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Free Citizen

This writer espouses individual liberty, free markets, and limited government.

Name:
Location: Jackson, Mississippi, United States

Friday, October 29, 2004

"Woman Will Regain Her Superiority..."

So we began to see them, these [manikins] of modern industrial society, swarming at evening from factories and insurance offices, going home, like the typist in The Waste Land, to lay out their food in tins. At length, amid the marvelous confusion of values attendant upon the second World War, came the lady marine and the female armaments worker ["Rosie the Riveter"]. It is as if the [force of gravity] of society had ceased. What is needed at center now drifts toward the outer edge. A social seduction of the female sex has occurred on a vast scale. And the men responsible for this seduction have been the white-slavers of business who traffic in the low wages of these creatures, the executives, the specialists in "reduction of labor costs"-- the very economists and calculators whose emergence [Edmund] Burke predicted for us.

The [abnormal] phase of the situation is that the women themselves have not been more concerned to retrieve the mistake. Woman would seem to be the natural ally in any campaign to reverse this trend; in fact, it is alarming to think that her powerfully anchored defenses have not better withstood the tide of demoralization. With her superior closeness to nature, her intuitive realism, her unfailing ability to detect the [insincerity] in mere intellectuality, how was she ever [conned] into the mistake of going modern? Perhaps it was the decay of chivalry in men that proved too much. After the gentleman went, the lady had to go too. No longer protected, the woman now has her career, in which she makes a drab pilgrimage from two-room apartment to job to divorce court.

Women of the world's [former system] were [realists] in this respect: they knew where the power lies. (One wonders what Queen Elizabeth would have said had feminist agitators appeared during her reign [1558-1603] over England's green and pleasant isle.) They knew [the power] lies in loyalty to what they are and not in imitativeness, exhibitionism, and cheap bids for attention. Well was it said that he who leaves his proper sphere shows that he is ignorant both of that which he quits and that which he enters. Women have been misled by the philosophy of activism into forgetting that for them, as custodians of the values, it is better to "be" than to "do." Maternity, after all, as Walt Whitman noted, is "an emblematical attribute."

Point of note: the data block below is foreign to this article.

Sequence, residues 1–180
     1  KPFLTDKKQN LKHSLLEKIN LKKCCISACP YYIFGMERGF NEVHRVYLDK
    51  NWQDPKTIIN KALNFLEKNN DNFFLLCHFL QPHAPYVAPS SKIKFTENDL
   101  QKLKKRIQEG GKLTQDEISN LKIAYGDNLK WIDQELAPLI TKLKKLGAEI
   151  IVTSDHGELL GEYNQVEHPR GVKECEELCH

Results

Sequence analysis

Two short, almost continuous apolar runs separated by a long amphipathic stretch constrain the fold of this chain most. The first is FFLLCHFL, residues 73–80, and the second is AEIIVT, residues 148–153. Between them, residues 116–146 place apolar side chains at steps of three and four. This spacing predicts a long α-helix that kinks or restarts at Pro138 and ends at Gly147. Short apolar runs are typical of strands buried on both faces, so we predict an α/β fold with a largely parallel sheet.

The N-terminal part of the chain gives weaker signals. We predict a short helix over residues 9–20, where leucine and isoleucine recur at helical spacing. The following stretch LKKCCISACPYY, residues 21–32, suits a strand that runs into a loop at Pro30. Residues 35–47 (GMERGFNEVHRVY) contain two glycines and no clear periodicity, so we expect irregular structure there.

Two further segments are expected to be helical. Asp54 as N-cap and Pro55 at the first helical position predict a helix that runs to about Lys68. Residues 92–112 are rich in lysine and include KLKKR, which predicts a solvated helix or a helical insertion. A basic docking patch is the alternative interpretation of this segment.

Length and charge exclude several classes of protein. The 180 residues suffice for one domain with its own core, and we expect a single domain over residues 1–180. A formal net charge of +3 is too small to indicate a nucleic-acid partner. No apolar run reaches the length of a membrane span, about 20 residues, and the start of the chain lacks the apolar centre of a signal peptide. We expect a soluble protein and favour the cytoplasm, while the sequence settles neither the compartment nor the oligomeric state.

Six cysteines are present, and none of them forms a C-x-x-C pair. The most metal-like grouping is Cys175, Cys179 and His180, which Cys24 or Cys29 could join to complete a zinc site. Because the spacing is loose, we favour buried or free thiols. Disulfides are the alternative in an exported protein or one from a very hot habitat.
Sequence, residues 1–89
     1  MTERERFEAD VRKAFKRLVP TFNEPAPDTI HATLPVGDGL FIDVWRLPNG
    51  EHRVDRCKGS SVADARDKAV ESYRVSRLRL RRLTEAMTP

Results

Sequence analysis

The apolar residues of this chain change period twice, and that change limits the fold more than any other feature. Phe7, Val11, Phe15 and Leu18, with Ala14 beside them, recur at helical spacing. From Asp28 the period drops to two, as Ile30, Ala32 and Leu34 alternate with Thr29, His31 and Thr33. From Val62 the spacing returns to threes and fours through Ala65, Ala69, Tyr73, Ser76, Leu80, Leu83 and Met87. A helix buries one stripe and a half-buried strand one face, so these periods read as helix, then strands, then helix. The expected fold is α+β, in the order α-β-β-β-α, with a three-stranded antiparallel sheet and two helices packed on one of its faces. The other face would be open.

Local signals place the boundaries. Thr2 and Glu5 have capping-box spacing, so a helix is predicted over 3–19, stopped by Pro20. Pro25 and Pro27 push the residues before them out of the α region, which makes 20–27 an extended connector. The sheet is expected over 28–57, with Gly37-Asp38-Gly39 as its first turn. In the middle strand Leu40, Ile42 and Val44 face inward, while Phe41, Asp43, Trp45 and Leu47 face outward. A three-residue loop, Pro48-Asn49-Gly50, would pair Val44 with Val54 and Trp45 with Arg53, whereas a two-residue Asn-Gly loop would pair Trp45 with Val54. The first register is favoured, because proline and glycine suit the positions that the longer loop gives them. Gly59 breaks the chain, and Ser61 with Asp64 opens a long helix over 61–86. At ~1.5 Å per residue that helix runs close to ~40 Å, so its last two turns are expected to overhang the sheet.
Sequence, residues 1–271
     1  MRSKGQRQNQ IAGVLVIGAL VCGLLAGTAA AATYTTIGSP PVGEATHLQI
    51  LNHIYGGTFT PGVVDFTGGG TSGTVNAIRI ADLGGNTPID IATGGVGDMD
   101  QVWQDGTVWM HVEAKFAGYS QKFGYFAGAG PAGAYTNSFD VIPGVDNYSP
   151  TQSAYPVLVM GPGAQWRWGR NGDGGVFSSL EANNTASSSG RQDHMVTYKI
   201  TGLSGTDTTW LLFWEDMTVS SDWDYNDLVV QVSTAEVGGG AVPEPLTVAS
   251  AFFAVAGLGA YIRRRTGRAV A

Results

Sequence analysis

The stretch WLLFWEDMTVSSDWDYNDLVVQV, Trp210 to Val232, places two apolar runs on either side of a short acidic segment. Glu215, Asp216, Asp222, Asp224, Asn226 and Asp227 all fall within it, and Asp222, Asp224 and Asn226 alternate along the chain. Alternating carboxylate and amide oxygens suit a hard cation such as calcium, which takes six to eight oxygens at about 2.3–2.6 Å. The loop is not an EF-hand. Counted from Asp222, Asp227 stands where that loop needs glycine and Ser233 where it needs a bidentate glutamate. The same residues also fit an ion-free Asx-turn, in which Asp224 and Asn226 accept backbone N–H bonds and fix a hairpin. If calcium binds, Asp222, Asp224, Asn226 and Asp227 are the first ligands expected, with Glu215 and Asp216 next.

If our society were minded to move resolutely toward an ideal, its women would find little appeal, I am sure, in lives of machine-tending and money-handling. And this is so just because woman will regain her superiority when again she finds privacy in the home and becomes, as it were, a priestess radiating the power of proper sentiment. Her life at its best is a ceremony. When William Butler Yeats in "A Prayer for My Daughter" says, "Let her think opinions are accursed," he indicts the modern displaced female, the nervous, hysterical, frustrated, unhappy female, who has lost all queenliness and obtained nothing.

What has this act of [irreverence] brought us except, in the mordant phrase of Henry James's The Bostonians, an era of "long-haired men and short-haired women"?

RICHARD M. WEAVER (1910-1963)
Ideas Have Consequences, 1948

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